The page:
Just before 6:30 p.m., cries of “Let her through!” rippled through the crowd. The masses parted, and a 10-year-old black girl wearing pink sequined cat ears stepped forward.

At the top of her voice, Jalena Lisenby told the officers about her anger, her fear, her questions.

“Too many of my brothers and sisters have died,” she yelled. “I’m only 10 and I am already sick of it.”

She pointed to her 12-year-old brother Jamari, who had “Black lives matter” written across his N95 face mask.

“Every day I wonder if my brother or my dad or my mom is going to die,” she cried.

Cheers of “Tell 'em baby girl!” And “You got the answers!” urged her on.

When she finished, adults came to shake her hand. She tucked her handmade sign, on which she had written “I can’t breathe” over and over along the edges, beneath her arm and told them, “Thank you.”

Her father pulled her in for a hug. Her mother smiled behind her mask.

“Mom,” Jalena said when the crowd around her dispersed. “Can I go get a Gatorade?

June 3, 2020 at 6:59 PM EDT
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Two Park Police officers taken out of field after being accused of assaulting Australian reporters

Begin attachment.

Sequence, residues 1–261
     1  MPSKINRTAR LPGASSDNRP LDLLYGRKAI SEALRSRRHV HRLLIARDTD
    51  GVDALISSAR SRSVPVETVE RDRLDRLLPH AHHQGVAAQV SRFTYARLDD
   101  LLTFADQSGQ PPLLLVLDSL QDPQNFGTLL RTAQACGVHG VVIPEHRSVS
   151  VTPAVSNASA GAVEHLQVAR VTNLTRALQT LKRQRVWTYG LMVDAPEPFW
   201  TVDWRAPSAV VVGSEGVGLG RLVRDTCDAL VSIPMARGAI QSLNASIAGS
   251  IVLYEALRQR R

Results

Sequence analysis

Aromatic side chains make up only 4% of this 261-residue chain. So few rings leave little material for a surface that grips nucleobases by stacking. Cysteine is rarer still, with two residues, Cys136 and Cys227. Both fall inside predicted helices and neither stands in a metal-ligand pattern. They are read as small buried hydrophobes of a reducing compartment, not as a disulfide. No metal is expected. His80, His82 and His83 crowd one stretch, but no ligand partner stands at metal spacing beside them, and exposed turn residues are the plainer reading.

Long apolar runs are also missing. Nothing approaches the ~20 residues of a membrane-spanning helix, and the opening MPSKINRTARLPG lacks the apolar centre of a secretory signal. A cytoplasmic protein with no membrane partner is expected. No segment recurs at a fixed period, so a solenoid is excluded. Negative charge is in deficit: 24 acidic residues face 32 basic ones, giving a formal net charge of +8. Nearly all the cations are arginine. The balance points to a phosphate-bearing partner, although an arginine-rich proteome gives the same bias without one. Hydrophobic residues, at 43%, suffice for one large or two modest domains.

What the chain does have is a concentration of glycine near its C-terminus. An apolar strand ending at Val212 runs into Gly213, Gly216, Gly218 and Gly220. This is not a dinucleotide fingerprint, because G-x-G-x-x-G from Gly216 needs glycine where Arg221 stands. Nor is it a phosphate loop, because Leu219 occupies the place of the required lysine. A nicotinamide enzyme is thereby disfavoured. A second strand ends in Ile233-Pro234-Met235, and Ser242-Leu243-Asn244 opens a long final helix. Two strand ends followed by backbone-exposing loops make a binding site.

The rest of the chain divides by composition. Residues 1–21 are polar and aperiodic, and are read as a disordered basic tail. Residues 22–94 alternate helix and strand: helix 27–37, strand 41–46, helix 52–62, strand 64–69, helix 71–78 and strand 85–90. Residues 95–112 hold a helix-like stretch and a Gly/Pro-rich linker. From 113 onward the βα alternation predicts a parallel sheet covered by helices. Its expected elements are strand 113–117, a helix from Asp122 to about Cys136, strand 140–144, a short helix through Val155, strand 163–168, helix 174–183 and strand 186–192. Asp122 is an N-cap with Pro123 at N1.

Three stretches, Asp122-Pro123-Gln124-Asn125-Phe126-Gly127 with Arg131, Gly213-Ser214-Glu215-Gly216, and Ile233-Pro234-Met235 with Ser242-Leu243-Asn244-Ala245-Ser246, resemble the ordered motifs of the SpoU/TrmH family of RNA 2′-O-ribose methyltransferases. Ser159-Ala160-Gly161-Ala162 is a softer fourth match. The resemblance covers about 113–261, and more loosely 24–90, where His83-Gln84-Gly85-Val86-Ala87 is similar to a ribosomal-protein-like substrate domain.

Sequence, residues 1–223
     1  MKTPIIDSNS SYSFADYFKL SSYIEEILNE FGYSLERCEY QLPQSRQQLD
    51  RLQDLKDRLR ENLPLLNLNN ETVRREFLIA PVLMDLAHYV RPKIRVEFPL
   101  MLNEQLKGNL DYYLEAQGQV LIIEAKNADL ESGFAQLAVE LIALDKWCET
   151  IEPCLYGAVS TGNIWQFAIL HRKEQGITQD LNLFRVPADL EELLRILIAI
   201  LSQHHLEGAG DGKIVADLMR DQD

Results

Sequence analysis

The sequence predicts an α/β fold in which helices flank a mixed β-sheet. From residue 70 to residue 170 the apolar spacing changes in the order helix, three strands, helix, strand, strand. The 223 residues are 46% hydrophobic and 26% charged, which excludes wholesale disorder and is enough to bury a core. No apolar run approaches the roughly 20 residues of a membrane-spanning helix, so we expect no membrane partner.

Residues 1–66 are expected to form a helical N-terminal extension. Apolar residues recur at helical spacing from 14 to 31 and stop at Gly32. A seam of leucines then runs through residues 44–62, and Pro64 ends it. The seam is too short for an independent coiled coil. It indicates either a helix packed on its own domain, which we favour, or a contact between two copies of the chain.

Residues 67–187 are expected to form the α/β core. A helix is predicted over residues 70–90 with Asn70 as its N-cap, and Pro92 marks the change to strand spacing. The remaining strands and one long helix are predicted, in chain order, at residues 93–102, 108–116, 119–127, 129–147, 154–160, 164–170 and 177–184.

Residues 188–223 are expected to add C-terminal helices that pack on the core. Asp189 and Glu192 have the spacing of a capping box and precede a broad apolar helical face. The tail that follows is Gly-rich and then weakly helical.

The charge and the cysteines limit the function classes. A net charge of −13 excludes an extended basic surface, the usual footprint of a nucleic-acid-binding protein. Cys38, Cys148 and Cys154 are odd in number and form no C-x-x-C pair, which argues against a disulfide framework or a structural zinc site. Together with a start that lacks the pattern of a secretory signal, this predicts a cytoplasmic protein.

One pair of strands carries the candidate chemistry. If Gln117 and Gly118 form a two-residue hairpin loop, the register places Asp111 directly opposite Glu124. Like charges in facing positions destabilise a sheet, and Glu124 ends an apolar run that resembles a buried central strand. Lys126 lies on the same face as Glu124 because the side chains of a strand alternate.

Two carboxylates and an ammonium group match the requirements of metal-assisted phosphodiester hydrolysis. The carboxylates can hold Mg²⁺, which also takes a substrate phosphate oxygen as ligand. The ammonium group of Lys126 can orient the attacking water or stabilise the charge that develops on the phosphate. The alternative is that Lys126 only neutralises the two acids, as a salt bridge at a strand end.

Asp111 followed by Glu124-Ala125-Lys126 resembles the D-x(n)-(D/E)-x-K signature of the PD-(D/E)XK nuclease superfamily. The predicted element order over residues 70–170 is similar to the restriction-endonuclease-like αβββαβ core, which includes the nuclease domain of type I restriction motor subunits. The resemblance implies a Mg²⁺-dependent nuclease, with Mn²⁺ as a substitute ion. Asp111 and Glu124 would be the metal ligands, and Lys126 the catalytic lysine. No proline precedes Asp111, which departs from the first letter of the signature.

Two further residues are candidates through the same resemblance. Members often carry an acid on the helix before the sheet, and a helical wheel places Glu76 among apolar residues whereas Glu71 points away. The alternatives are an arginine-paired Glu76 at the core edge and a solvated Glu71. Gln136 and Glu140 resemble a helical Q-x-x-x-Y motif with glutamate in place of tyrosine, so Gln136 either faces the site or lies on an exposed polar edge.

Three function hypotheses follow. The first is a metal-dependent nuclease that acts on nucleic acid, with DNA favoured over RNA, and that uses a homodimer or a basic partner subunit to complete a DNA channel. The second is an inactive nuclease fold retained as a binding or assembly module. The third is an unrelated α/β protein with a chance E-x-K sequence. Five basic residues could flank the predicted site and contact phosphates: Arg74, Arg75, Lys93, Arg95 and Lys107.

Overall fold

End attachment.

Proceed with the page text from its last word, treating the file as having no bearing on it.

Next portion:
By Erin Cox and Meagan Flynn

The U.S. Park Police put two officers on administrative duties as the agency reviews their interaction with Australian reporters, acting chief Gregory T. Monahan said in a statement Wednesday evening.

The two reporters from 7News Australia were live on air Monday when they were struck by police in riot gear at a protest near the White House, prompting Australian Prime Minister Scott Morrison to request an investigation.

Monahan said the officers’ reassignment “is consistent with our established practices and procedures” and will be in place “while an investigation takes place regarding the incident with the Australian Press.”

The altercation happened about 6:30 p.m. Monday as police began forcefully removing protesters from Lafayette Square with pepper bullets, rubber bullets and batons to clear the way for President Trump’s photo op at St. John’s Episcopal Church.

As a line of police pushed forward, an officer struck 7News Australia cameraman Tim Myers with a shield and appeared to hit him in the face. Reporter Amelia Brace was struck with a baton while fleeing, 7News reported.